Riedemann: In addition, Wernau serves as a link for our Japanese products. The NTX 1000 2nd Generation, for example, has proven itself for many years as a highly productive turn & mill center in the production of implants and surgical instruments. Its smaller sister model, the new NTX 500, is becoming at least as successful in the medical technology sector because its compact dimensions harmonize perfectly with the often tight production spaces. Both machines are available to our application engineers in Wernau, automated of course – the NTX 1000 2nd Generation with a Robo2Go and the NTX 500 with an integrated robot for workpiece handling.

How important is automation in medical technology?

Riedemann: Unlike in automotive engineering, of course, it is rarely a matter of large-scale production. Implants, for example, are becoming increasingly individualized. Nevertheless, competitive pressure requires economical processes here as well, so that flexible automation solutions in particular, such as the robots in the case of the NTX models, are becoming increasingly important. Thus, the DMP 35 – which is produced at the Seebach site – also has a place in Wernau. The compact machining center is equipped with a WH 3 workpiece handling system so that it enables autonomous 6-sided complete machining.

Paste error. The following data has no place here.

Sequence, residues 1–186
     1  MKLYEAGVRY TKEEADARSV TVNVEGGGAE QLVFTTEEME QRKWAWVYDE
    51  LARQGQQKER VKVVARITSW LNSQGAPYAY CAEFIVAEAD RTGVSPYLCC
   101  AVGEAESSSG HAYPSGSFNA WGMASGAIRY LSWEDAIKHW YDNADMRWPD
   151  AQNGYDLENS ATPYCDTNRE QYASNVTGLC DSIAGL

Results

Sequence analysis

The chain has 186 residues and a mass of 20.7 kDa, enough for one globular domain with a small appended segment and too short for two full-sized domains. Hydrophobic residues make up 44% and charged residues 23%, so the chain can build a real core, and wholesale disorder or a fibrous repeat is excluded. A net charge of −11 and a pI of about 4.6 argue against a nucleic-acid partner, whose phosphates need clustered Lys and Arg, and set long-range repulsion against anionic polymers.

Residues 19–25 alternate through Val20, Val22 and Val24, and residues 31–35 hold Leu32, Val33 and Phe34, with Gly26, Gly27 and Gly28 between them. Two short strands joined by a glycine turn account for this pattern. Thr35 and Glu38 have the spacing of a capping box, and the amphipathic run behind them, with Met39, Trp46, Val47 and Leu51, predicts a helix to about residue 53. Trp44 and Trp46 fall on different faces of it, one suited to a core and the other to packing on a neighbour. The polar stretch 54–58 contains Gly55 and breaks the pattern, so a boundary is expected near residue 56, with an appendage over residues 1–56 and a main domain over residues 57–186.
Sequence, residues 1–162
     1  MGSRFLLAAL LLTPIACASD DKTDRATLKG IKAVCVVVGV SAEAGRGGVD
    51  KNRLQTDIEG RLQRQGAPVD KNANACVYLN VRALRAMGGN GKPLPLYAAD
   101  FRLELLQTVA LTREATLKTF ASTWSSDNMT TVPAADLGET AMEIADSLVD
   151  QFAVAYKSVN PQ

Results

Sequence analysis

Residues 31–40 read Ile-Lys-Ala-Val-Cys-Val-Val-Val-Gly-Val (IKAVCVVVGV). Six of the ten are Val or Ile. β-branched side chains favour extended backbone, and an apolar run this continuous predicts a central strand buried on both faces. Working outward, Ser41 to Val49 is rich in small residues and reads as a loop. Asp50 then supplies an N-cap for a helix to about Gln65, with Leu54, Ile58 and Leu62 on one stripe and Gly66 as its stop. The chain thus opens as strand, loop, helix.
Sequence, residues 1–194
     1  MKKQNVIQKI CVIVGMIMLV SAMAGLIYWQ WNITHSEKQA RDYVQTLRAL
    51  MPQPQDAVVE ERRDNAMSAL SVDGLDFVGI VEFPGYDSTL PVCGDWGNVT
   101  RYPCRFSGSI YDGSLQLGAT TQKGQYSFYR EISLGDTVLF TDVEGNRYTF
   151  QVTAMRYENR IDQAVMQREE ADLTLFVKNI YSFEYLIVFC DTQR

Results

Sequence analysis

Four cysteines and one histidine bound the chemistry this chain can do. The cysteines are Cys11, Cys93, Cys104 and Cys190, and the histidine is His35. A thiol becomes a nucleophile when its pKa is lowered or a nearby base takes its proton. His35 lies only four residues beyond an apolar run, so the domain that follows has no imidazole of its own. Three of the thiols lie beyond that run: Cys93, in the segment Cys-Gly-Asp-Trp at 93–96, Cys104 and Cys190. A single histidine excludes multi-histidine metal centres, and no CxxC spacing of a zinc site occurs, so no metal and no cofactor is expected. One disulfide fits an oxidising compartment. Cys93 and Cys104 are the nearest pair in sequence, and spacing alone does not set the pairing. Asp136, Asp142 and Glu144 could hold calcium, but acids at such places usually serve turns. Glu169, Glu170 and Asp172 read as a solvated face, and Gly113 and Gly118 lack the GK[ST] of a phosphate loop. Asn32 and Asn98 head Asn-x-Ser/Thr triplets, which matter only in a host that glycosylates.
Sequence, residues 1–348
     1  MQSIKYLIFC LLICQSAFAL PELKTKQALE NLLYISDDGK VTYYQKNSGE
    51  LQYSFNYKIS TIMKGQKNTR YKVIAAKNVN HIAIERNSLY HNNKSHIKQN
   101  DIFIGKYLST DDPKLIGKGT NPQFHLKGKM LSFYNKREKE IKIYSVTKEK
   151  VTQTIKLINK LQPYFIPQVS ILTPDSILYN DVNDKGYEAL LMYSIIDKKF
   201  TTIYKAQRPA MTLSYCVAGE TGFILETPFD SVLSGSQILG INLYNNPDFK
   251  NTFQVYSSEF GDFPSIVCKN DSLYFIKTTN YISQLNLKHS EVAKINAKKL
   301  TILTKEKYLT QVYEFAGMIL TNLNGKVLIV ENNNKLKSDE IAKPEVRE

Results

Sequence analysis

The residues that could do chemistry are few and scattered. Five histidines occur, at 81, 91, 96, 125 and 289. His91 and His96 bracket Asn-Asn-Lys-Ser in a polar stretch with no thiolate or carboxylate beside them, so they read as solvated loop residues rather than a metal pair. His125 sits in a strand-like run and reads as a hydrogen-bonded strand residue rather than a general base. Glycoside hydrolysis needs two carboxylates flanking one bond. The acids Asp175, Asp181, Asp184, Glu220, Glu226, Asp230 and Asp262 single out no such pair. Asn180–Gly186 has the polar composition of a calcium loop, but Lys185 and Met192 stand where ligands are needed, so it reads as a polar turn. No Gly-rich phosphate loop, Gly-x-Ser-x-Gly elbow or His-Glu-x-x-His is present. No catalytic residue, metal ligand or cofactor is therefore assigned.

Lindner: Bone screws are another example of the need for flexible automation solutions because they exist in a wide variety of sizes and shapes. With the automatic lathes of the SPRINT series – a SPRINT 20|8 is also located in Wernau – users can even produce complex bone screws highly economically thanks to bar feeders.

The DMG MORI Technology Excellence Centers rely on close cooperation with customers. What does that look like in the case of the Medical Excellence Centers?